- Associated Press - Thursday, March 24, 2016

OXFORD, Miss. (AP) - A former Tate County sheriff’s deputy was sentenced to two years in prison and two years’ probation after he pleaded guilty to illegally using a stun gun on an inmate in 2012.

U.S. District Judge Michael Mills rejected a call from Randy Doss’ lawyer to only sentence him to probation, saying Doss’ use of a stun gun against inmate James Williams of Arkabutla was “inexcusable.”

“We need officers who have self-control and who know when force is appropriate and when it’s not,” Mills told Doss, saying he had caused a permanent brain injury to Williams. “He will carry, for the rest of his life, the damage and the harm you did to him.”

Williams was being held in the Tate County jail in January 2012 when officers were searching cells following an altercation in another cell block. Williams was among inmates lined up against a wall when Doss shocked him from 11 feet away.

The man fell backward, hit his head on the concrete floor and fractured his skull. Doctors removed a bone from Williams’ skull during surgery, and Williams testified Thursday that he suffers intense headaches, can’t stand for long periods, and has been unable to hold a job following his release from a 23-day hospitalization.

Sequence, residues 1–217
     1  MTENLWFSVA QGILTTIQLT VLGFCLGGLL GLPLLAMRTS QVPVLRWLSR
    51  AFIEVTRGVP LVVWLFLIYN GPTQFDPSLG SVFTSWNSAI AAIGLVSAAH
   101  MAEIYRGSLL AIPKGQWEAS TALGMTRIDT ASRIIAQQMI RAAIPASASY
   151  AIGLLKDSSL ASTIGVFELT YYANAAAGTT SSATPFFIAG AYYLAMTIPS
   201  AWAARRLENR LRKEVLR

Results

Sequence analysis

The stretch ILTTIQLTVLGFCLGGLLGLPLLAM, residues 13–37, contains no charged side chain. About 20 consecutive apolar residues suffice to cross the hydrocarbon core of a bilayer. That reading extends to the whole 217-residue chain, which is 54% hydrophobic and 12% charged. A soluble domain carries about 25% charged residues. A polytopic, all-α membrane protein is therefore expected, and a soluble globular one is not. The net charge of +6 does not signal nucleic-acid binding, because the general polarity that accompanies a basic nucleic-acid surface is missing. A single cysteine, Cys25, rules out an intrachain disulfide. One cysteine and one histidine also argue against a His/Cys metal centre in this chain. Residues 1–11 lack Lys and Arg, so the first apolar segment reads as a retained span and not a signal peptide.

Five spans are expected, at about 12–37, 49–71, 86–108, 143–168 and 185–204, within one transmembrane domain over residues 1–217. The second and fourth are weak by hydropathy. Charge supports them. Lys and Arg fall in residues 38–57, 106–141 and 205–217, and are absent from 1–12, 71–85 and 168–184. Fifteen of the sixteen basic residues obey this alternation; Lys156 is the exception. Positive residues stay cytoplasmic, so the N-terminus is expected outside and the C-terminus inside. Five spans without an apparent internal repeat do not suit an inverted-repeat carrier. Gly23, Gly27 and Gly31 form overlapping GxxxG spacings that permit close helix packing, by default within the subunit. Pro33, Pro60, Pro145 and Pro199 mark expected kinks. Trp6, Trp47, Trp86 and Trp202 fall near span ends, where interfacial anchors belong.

“There are a lot of things that I wanted to do that I won’t be able to do in life,” said Williams, 31. “There are a lot of things that I’m not going to be able to give my kids because I can’t go to work.”

Doss pleaded guilty in October to a single count of violating Williams’ rights. As the sheriff department’s training officer, Doss was certified to teach other officers when they should use force, including stun guns.

Williams testified Tate County paid him almost $400,000 to compensate him.

George Lucas, a lawyer representing Doss, told Mills that his client deserved probation, although prosecutors agreed to recommend a two-year sentence under Doss’ plea agreement. Lucas argued that there was no point to imprisoning Doss, who is 63 and suffering from health problems.

“He will never be able to work in law enforcement again,” Lucas said. “That is certainly sufficient punishment.”

Doss disputed prosecutors’ claims that he had told another Tate County jail official that he intended to shock someone that day, saying the remark had been misconstrued. Doss said if he had wanted to act maliciously, he could have used his Taser against an inmate in an area without security cameras. Doss’ stunning of Williams was recorded on video.

Prosecutor Rob Coleman said the attack on Williams was unprovoked.

“For the life of me, I don’t see how anyone could have felt threatened by Mr. Williams,” Coleman said.

After the sentencing, Williams said he would have preferred Doss get more jail time. Federal sentencing guidelines called for Doss to be sentenced from four to five years in prison, but Mills said he was choosing to follow prosecutors’ recommendation.

“I don’t think he got enough,” Williams said. “If it had been me doing that to another civilian, they would have been trying to hang me.”

___

Follow Jeff Amy at: http://twitter.com/jeffamy. Read his work at http://bigstory.ap.org/author/jeff-amy

LOAD COMMENTS ()

 

Click to Read More

Click to Hide